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Issue 3, 2002
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Silicon-29 NMR evidence of a transient hexavalent silicon complex in the diatom Navicula pelliculosa

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Abstract

Cultures of the freshwater diatom Navicula pelliculosa were synchronized by silicon starvation, fed a 29Si-enriched silicate solution, and then studied by 29Si NMR spectroscopy. Two NMR resonances could be detected reproducibly, the ever-present orthosilicic acid peak at −71 ppm and a weak signal at −131.5 ppm that was only seen after the diatoms had been allowed six hours to accumulate the 29Si. When the initial culture medium was enriched in 15N, the −131.5 ppm resonance narrowed significantly which, taken with the peak's unique chemical shift, implies the existence of an organosilicon complex containing hexavalent silicon coordinated to at least one nitrogen. The signal is the first direct evidence of an organosilicon complex formed during the life cycle of an organism.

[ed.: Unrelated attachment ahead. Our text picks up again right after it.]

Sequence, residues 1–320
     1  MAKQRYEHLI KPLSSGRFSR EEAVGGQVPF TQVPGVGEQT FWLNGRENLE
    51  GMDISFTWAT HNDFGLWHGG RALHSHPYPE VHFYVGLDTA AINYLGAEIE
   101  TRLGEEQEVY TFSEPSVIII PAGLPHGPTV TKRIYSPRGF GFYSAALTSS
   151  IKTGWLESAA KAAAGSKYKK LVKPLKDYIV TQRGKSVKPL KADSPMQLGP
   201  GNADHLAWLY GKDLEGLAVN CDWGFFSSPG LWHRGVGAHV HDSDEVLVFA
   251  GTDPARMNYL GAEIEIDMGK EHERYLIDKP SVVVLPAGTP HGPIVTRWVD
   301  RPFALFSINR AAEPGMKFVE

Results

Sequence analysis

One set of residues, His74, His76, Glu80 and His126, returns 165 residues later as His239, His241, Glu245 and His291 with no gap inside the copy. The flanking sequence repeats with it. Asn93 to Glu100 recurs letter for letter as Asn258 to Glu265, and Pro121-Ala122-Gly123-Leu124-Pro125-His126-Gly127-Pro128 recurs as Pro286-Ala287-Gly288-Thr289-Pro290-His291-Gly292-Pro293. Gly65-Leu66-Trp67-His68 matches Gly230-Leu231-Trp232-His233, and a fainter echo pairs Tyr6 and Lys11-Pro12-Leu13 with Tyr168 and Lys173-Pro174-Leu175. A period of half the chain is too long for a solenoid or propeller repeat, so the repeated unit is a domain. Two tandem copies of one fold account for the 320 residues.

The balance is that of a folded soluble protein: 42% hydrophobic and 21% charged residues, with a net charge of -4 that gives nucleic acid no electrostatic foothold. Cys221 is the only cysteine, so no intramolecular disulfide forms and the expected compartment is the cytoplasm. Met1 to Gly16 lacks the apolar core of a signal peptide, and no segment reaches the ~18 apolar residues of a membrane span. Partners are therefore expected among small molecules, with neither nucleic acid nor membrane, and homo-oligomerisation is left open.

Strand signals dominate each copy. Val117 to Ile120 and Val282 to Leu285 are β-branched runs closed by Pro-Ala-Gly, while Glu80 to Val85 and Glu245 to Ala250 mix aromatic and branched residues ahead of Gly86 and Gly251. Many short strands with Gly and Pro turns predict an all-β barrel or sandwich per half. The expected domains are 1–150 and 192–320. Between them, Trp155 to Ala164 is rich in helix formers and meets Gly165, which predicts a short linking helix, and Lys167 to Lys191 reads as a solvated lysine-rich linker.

Graphical abstract: Silicon-29 NMR evidence of a transient hexavalent silicon complex in the diatom Navicula pelliculosa

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Article information


Submitted
19 Jun 2001
Accepted
26 Nov 2001
First published
03 Jan 2002

J. Chem. Soc., Dalton Trans., 2002, 307-309
Article type
Paper

Silicon-29 NMR evidence of a transient hexavalent silicon complex in the diatom Navicula pelliculosa

S. D. Kinrade, Ashley-M. E. Gillson and C. T. G. Knight, J. Chem. Soc., Dalton Trans., 2002, 307
DOI: 10.1039/B105379P

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